Structures, strategies, and spheres of ministry may have changed but OMF’s essential objectives have remained consistent for 150 years.
Every so often we need to re-examine how we express those objectives. What certain vocabulary and terminology meant to one generation can miss the mark or mean something quite different to another, and for that reason OMF has adopted a new Mission Statement to communicate afresh what it is we believe we’re called to do…
We share the good news of Jesus Christ in all its fullness with East Asia’s peoples to the glory of God.
As it stands, this is a clear and straightforward Statement but a brief exposition may help unpack what, 150 years on, OMF understands its mission to be.
‘We’ encompasses the community of OMF in its widest sense, including the churches from which mission partners are sent, those who stand with us in prayer, together with our brothers and sisters in the churches of East Asia with whom we partner for the sake of the gospel. Statements and strategies have their place but the effectiveness of what we do in mission often boils down to the quality and extent of our relationships.
A unique, saving message
Our central focus is to bring the good news of Jesus Christ to a sinful and broken world. And central to the good news is the unique, saving message of the cross and resurrection
of Jesus Christ, the announcement of God’s radical and complete answer to the full effects of sin. Whatever the starting point for our sharing of the good news, our ultimate goal is to see men, women and young people become disciples of Jesus Christ and living for the glory of God.
A comprehensive mission
Good news finds its roots in Isaiah 40-66. Isaiah 52:7 is foundational for the New Testament’s understanding of the gospel. The Bible’s themes of peace, salvation and kingdom are brought to fulfilment in the person and work of Jesus Christ. The good news is that God reigns and that his purposes for the whole of creation are centred in Jesus – Saviour and Lord of the world. We exist to make all of this known.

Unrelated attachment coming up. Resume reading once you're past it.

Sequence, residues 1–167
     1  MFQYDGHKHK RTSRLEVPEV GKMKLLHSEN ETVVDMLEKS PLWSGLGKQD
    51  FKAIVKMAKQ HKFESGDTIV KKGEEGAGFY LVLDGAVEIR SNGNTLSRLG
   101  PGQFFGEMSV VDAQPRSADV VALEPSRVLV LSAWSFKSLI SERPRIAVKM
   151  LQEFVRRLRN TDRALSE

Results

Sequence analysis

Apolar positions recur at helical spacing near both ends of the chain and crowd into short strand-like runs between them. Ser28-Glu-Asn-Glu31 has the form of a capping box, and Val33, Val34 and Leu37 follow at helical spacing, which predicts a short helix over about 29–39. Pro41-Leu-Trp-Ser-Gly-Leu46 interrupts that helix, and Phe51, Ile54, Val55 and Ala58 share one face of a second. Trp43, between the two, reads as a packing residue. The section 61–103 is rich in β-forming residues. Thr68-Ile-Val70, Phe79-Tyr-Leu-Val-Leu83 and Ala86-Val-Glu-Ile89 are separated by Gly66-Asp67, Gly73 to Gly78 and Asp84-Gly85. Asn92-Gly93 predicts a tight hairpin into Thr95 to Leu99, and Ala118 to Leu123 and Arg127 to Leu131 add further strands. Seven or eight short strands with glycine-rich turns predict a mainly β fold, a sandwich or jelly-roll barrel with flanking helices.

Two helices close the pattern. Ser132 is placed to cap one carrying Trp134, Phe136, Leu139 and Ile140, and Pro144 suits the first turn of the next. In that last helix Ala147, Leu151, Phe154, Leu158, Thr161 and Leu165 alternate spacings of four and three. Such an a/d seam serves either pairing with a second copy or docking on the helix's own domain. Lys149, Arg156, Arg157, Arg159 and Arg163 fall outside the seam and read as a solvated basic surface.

The phrase “we share the good news of Jesus in all its fulness” is a replacement for the word “evangelization”. Historically, the CIM talked about the mission’s “full-orbed ministry”, and understood ‘evangelization’ in wholistic terms, encompassing medical care, education, famine relief, confronting the opium trade, working for the liberation of women and the care of orphans, and all the while, and in every context, sharing the gospel, planting churches and seeing lives and communities transformed.
(For further study see Mark 1, Luke 4, Romans 10, Ephesians 2).
The verb euangelizomai (to announce the good news) is used by the Apostle Paul to describe a range of evangelistic and teaching ministries – from initial proclamation, through to discipleship and the grounding of believers in the faith. He wrote that his calling was to present “the unsearchable riches of Christ” (Ephesians 3:8) – a “wide ranging expression”, writes Peter O’Brien, who then helpfully comments:
“It is difficult to envisage how Paul or his colleagues could present to Gentiles this ‘good news of Christ’s unfathomable wealth’ in a brief or summary fashion. This comprehensive phrase suggests that time for careful teaching, instruction and application was called for – if the content of these riches in Christ were to be understood and appropriated by the Gentiles for whom they were intended.”
[Peter O’Brien, Gospel and Mission in the Writings of Paul: An Exegetical and Theological Analysis, Carlisle: Paternoster, 1995:63].